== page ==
It's one of the biggest issues affecting every state --- unfunded pensions ---- but it’s a topic that is rarely discussed despite the real-life consequences.
The issue occasionally gets lip service when a city such Detroit, or the island of Puerto Rico, files bankruptcy.
Jonathan Williams of the American Legislative Exchange Council (ALEC) tells OneNewsNow that pension liabilities represent an “existential threat” to states and local governments for the next 20 to 30 years but the issue isn’t getting noticed.
“And if the media doesn't pay attention to this,” he warns, “state legislators are going to have to take the bull by the horn and draw attention to it themselves.”
ALEC releases an annual estimate of unfunded pension obligations in a report called Unaccountable and Unaffordable. The most recent publication shows the numbers are massive --- and growing.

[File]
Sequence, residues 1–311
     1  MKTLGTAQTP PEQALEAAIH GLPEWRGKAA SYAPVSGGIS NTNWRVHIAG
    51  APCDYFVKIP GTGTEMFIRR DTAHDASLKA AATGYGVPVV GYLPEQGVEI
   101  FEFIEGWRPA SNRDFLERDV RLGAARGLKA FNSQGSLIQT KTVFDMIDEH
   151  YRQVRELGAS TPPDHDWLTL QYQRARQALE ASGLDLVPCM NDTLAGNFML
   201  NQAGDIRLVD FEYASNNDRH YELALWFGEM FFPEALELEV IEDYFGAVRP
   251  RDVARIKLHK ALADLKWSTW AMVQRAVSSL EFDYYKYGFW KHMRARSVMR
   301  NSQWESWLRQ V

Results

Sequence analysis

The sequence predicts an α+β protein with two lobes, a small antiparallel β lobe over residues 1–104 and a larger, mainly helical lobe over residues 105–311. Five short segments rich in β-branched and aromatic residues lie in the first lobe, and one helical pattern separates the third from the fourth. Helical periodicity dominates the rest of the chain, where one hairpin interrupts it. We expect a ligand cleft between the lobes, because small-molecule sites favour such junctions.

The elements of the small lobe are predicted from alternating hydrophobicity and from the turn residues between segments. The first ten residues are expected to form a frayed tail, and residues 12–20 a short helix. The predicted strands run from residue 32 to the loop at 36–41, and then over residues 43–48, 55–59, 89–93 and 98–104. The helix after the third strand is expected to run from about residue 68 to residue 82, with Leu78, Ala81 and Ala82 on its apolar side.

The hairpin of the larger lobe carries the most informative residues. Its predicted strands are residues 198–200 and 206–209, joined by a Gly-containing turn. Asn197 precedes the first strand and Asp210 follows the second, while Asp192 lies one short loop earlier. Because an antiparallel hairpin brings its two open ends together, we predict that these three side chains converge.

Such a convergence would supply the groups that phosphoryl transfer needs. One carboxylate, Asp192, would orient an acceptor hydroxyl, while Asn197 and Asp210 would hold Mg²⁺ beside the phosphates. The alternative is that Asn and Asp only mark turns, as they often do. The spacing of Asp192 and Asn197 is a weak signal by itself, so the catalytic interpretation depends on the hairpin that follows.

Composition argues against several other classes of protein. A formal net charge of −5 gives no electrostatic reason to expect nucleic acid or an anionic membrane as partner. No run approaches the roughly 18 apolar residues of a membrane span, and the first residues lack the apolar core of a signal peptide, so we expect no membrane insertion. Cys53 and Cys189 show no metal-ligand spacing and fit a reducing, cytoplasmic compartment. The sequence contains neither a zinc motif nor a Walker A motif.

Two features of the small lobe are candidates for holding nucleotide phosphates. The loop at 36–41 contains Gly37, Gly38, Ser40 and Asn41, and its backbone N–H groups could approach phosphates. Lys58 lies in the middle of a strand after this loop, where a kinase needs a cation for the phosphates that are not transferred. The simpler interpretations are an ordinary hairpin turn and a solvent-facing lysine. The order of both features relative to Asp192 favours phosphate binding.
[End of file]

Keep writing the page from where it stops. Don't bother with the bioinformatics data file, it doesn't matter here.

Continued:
"This year, every man, woman, and child in America owes more than $18,000 to pay off the unfunded pension obligations just in state-overseen plans at the 50-state level," explains Williams. "The number overall is just about $6 trillion that state and local governments owe on these unfunded pension obligations."
He stresses that this is not a red state versus blue state issue, though he contends that conservative states have done a better job of tackling the issue.
“But there's a whole lot of conservative red-states on this list,” Williams adds, “that have a lot of work yet in front of them to be able to make taxpayers and pensioners and retirees whole."
Meanwhile, Williams isn't ruling out the possibility of seeing a push for a federal bailout of some states, which he calls a “horrible” policy that rewards states for doing the “wrong things.”